New Approaches to Modernizing Mental Health Care
The way in which people with mental illnesses are treated in the United States has changed dramatically since patients were shuffled off to insane asylums to spend the rest of their days, but many of those changes have left people who do need treatment in the lurch, with no professionals to turn to and no continuum of care.
Local mental health providers are beginning to change this trend, with Family Service League planning to open a new 24/7 crisis stabilization center in Hauppauge in the new year, a focus in the importance of peer interaction for people who are struggling with an acute mental health crisis, and with changes in thinking in health care that take a more holistic approach to human experience.
Psychiatrists, social workers and mental health center directors shared their thoughts on these new programs and ideas with the community in a forum on “Mental Health Matters” sponsored by the East End Mental Health Awareness Initiative and the League of Women Voters of the Hamptons at Stony Brook Southampton Hospital’s Parrish Memorial Hall Nov. 19.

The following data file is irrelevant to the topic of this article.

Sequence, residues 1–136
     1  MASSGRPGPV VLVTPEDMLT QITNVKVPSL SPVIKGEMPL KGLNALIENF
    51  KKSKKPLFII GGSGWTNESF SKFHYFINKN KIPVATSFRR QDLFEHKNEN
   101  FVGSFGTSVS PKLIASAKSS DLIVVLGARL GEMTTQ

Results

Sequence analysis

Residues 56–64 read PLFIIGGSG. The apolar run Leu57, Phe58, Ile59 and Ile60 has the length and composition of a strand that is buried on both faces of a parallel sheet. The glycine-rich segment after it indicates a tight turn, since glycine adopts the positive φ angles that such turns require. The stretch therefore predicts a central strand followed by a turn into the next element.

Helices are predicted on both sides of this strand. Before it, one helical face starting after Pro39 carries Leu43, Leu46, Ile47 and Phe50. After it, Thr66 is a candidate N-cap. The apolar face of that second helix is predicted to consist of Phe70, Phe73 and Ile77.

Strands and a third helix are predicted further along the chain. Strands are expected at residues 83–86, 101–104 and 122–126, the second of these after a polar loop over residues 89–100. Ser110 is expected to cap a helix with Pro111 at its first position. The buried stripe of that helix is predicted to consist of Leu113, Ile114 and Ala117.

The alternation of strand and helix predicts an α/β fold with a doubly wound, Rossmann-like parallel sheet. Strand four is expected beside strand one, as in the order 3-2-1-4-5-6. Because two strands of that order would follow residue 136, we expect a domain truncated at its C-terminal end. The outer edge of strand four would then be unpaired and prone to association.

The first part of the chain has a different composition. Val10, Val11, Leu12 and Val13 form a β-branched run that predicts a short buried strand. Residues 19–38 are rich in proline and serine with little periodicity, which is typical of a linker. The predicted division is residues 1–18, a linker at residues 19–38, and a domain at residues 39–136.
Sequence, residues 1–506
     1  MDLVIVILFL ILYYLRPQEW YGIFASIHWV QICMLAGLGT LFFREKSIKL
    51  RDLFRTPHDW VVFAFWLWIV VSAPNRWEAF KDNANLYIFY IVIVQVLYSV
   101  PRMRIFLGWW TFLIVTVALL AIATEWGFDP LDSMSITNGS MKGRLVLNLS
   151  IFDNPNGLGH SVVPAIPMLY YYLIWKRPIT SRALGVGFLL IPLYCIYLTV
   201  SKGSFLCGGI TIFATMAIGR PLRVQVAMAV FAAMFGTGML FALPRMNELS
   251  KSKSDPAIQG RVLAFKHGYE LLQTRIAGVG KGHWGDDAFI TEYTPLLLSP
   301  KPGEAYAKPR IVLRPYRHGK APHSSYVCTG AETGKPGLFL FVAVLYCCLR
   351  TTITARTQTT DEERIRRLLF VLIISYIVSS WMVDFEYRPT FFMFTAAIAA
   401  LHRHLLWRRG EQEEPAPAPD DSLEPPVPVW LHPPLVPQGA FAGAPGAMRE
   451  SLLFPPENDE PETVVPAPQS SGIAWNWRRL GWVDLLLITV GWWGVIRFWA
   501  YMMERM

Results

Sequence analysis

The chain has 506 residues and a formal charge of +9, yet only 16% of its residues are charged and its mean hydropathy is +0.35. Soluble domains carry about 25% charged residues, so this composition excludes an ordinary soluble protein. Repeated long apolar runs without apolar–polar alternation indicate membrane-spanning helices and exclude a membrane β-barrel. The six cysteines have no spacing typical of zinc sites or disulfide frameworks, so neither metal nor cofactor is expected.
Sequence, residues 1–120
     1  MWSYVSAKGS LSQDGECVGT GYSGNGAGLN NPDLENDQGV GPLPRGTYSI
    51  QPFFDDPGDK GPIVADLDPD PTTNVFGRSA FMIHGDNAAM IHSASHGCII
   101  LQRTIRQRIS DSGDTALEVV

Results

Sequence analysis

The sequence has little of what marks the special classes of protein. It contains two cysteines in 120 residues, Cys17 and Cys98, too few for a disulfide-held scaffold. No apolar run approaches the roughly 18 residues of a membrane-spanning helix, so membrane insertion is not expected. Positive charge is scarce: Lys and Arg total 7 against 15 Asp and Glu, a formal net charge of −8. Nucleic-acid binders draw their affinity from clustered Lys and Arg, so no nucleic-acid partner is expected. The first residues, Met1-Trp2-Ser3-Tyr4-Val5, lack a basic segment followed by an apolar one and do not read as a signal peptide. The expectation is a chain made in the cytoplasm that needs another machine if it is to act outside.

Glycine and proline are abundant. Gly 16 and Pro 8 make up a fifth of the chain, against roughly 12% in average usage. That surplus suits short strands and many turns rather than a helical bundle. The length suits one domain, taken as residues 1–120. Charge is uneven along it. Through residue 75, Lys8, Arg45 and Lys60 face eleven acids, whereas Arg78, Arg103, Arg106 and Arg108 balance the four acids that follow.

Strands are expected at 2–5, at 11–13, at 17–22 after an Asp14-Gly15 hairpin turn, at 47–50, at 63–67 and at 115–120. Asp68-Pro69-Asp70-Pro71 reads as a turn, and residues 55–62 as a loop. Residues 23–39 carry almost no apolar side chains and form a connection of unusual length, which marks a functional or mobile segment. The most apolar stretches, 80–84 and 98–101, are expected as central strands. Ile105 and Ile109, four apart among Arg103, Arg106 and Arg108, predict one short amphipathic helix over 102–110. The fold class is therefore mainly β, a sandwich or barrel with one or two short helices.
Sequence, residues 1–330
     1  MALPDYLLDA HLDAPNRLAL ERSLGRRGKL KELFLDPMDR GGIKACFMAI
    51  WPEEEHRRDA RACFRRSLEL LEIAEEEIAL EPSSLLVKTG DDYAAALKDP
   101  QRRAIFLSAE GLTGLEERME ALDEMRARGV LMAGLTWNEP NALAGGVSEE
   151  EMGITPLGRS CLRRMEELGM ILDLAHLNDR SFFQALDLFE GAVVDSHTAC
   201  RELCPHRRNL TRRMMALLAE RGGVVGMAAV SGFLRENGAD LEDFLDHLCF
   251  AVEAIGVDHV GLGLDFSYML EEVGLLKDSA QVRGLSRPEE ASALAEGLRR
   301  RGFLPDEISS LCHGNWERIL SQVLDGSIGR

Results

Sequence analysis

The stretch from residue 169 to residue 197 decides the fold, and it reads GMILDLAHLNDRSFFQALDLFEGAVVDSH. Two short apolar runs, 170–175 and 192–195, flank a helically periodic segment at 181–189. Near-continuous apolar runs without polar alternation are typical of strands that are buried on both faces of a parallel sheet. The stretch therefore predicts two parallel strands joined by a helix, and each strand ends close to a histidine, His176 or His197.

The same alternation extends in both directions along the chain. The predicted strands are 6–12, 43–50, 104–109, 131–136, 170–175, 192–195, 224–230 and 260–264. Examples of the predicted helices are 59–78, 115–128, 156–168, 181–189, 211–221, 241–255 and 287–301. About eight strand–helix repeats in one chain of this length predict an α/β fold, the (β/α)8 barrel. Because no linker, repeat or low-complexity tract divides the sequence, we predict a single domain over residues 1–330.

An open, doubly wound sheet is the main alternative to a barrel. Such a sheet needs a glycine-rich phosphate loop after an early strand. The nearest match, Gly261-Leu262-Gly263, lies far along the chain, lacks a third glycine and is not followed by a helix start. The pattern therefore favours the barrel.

The discussion began with a screening of a Fred Friendly Seminars video, “Minds on the Edge: Facing Mental Illness” about the challenges associated with getting people with mental illness to seek treatment, and the legal issues surrounding involuntary admission to a psychiatric hospital.
On Eastern Long Island, most emergency psychiatric admissions are done through Stony Brook University Hospital’s Comprehensive Psychiatric Emergency Program, known as CPEP, where prospective patients are taken for evaluation to determine if they need inpatient care.